On Christmas Day, 1914, a remarkable soccer game took place. The result wasn't memorable but the circumstances were.
One side was British, the other German. The game, or maybe it was just a kick-around, took place in No Man's Land, between two trenches.
In the days prior to and immediately after the spontaneous soccer moment, the same forwards and midfielders were busy killing each other. World War I was on.
On Saturday, sides from Tennessee and Kentucky will grapple and hit each other for approximately three hours, as violently as the rules allow.
But on Friday and on Sunday, the Vols and Wildcats won't be trying to kill each other with guns and poison gas.
For this we give thanks.
In 1939, Niles Kinnick of Iowa won the Heisman Trophy. In his acceptance speech, Kinnick said, "I thank God I was warring on the gridirons of the Midwest and not on the battlefields of Europe.''
Before too long, however, many Americans were warring on the battlefields of Europe and the Pacific. Kinnick joined the service and died in a 1943 plane crash on a training mission.
When Auburn's Cam Newton, or someone else, wins the Heisman next month, it's unlikely he'll be headed off to any battlefield.
For this we give thanks.
On July 11, 2009, Iraq's national soccer team played its first home match in seven years.
In the preceding decades the team had been administered by Uday Hussein, the brutal son of Saddam. The players were tortured and humiliated for failures on the field. After losing an important game in 1994 they were forced to play barefoot with a concrete ball.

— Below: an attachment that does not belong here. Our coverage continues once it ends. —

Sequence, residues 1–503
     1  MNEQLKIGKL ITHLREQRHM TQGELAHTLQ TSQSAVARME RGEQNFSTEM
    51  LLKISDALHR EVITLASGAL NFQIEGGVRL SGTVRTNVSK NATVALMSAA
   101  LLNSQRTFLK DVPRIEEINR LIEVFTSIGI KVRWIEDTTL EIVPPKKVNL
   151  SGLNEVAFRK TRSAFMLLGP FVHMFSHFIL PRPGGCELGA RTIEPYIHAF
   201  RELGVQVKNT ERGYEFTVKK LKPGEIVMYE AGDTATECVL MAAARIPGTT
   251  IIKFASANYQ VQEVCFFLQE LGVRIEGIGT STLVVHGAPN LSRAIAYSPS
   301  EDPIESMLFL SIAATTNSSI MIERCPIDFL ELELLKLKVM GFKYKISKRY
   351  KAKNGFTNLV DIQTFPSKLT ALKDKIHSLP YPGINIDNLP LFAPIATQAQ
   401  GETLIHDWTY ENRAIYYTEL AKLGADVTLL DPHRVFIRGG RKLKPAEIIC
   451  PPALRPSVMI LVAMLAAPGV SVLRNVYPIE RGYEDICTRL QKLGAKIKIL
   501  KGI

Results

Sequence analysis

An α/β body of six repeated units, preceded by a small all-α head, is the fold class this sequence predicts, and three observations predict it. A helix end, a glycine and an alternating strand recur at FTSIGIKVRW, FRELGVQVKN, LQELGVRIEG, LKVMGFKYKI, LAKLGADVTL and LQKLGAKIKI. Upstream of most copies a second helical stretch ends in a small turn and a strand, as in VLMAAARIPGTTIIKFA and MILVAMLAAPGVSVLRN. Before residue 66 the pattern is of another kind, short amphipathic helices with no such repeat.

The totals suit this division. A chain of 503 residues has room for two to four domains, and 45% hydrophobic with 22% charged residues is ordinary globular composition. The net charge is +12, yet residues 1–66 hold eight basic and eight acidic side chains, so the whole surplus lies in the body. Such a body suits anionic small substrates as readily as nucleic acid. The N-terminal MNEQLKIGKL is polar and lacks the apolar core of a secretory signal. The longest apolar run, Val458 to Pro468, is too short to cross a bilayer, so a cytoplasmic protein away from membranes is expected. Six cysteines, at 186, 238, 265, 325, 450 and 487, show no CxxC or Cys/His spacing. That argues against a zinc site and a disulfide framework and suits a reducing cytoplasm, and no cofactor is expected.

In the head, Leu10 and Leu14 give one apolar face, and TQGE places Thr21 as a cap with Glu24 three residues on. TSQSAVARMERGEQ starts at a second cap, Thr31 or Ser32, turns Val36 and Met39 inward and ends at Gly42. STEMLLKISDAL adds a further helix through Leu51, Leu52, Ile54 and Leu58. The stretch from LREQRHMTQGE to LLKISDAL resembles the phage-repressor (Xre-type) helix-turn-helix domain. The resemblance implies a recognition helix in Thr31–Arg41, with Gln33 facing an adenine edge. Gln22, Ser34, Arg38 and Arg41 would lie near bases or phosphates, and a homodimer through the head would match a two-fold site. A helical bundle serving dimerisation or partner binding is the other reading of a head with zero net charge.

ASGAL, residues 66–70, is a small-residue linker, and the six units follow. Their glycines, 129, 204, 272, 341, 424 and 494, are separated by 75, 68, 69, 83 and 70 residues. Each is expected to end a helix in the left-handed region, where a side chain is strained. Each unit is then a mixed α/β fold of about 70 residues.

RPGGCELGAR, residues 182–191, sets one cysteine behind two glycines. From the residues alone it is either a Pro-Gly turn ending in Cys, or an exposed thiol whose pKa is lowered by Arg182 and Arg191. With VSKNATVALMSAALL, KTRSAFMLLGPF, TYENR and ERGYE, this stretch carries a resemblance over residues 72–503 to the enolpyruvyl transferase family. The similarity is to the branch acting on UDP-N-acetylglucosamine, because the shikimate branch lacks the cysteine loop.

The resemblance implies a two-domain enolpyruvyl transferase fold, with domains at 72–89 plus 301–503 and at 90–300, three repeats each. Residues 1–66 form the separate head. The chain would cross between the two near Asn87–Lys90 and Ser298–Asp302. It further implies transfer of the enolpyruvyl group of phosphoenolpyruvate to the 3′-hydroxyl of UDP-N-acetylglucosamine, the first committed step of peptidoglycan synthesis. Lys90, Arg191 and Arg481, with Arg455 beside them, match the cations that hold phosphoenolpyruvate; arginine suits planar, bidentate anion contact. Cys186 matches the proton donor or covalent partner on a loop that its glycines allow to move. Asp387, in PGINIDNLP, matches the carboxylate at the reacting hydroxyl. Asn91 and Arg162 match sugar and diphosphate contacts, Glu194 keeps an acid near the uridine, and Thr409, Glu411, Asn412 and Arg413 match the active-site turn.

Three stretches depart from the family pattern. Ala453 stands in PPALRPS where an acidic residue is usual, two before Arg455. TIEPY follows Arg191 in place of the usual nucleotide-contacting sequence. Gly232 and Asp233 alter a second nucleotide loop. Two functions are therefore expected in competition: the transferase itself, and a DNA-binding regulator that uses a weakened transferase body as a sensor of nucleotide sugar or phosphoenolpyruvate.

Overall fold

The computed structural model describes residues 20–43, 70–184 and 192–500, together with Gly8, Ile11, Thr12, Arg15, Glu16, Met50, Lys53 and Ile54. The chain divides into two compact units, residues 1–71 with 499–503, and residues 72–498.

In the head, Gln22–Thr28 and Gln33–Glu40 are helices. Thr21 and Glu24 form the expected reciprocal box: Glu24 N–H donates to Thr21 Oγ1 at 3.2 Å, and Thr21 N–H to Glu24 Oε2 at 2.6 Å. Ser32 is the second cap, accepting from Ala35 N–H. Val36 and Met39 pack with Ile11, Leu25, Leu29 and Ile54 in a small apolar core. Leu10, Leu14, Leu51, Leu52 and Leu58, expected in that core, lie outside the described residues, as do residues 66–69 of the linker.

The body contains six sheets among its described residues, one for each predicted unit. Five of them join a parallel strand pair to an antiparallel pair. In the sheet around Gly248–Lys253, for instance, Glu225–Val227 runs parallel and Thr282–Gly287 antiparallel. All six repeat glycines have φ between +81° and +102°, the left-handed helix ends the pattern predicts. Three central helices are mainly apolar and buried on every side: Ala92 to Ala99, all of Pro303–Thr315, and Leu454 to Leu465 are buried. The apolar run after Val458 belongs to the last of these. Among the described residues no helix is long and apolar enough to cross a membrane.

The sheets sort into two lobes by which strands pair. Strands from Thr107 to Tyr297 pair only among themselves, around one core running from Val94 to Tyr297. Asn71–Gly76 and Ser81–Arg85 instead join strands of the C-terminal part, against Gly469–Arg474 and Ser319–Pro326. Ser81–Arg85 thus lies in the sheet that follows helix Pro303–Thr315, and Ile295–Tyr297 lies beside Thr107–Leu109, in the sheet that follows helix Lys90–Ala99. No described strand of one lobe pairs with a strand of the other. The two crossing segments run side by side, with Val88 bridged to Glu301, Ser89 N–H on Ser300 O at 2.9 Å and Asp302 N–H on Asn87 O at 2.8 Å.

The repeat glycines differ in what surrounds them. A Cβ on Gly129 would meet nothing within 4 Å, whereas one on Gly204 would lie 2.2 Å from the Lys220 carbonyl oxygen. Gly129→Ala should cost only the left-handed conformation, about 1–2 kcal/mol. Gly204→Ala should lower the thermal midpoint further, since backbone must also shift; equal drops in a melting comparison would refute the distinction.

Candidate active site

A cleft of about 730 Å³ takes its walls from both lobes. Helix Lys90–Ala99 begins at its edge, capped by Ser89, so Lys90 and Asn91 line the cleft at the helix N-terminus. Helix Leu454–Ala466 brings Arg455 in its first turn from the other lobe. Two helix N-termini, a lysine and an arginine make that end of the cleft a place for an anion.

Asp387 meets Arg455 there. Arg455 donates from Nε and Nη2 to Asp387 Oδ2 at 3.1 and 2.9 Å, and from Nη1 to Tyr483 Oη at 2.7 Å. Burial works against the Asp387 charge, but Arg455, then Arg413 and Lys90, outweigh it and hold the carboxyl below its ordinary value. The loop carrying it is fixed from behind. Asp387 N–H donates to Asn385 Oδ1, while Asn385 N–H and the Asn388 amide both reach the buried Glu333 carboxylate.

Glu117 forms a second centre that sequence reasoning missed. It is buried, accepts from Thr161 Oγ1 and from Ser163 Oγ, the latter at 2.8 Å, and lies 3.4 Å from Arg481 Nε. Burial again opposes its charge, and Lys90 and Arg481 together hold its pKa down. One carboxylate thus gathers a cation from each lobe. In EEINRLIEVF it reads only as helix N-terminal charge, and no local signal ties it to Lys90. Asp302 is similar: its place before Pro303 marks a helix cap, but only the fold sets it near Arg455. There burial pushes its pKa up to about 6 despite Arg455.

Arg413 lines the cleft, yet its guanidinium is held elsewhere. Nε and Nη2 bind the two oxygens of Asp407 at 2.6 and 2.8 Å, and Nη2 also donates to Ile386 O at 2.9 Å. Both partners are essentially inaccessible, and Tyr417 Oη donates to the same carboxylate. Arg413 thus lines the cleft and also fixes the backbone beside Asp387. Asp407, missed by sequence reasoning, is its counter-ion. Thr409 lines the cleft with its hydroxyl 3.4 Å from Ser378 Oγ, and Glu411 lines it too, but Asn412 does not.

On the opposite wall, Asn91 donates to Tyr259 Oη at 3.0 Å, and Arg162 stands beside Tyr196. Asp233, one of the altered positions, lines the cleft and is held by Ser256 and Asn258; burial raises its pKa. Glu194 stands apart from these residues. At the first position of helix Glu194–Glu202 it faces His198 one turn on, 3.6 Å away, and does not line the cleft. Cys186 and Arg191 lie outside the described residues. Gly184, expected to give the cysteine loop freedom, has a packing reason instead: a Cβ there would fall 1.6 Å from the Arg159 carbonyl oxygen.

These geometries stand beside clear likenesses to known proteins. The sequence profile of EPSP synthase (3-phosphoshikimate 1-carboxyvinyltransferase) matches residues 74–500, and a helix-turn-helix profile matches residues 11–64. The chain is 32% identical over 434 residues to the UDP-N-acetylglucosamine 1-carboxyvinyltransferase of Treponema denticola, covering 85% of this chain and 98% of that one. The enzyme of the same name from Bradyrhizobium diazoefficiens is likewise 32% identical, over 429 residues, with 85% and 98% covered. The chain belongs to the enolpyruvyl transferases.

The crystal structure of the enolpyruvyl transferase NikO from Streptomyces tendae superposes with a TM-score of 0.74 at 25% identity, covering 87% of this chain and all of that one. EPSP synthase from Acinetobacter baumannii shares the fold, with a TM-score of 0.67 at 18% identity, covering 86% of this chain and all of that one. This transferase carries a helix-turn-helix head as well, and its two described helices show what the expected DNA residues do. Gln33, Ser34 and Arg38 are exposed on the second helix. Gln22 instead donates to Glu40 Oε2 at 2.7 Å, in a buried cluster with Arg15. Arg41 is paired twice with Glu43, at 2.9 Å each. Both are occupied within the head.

A losing streak in our sports world might mean running extra sprints or being temporarily moved out of a plush locker room for more modest quarters.
For this sanity and perspective we give thanks.
In 1994, Amahoro Stadium in Kigali, Rwanda, became a haven for 12,000 Tutsis to avoid rampaging genocide since it was protected by U.N. troops. Living conditions were miserable but it was still living.
The next time you complain that your seat in Neyland Stadium is too small or the line at the concession stand is too long, think of Amahoro and give thanks.
In Lima, Peru, in 1964, the crowd rioted when an official disallowed a Peruvian goal in a soccer match against Argentina. The chaos led to 318 deaths and 500 more injured.
If the worst that happens Saturday at Neyland is that a few Kentucky and Tennessee fans getting in a taunting match, remember Lima and give thanks.
In 2001, Natalie du Toit of South Africa was a rising young swimming star. On the way home from practice one day, she was hit by a car. Her left leg was amputated, leaving only a stump.
By 2004 she was swimming with one leg and winning gold in the Paralympics.
By 2008 she qualified for the Olympic Games in Beijing and finished 16th in the 10,000 meters. With one leg.
If you're an athlete trying to come back from a broken wrist or even a torn ACL, think of what du Toit faced and give thanks.
And for all our other blessings, on and off the playing fields of sports, give thanks.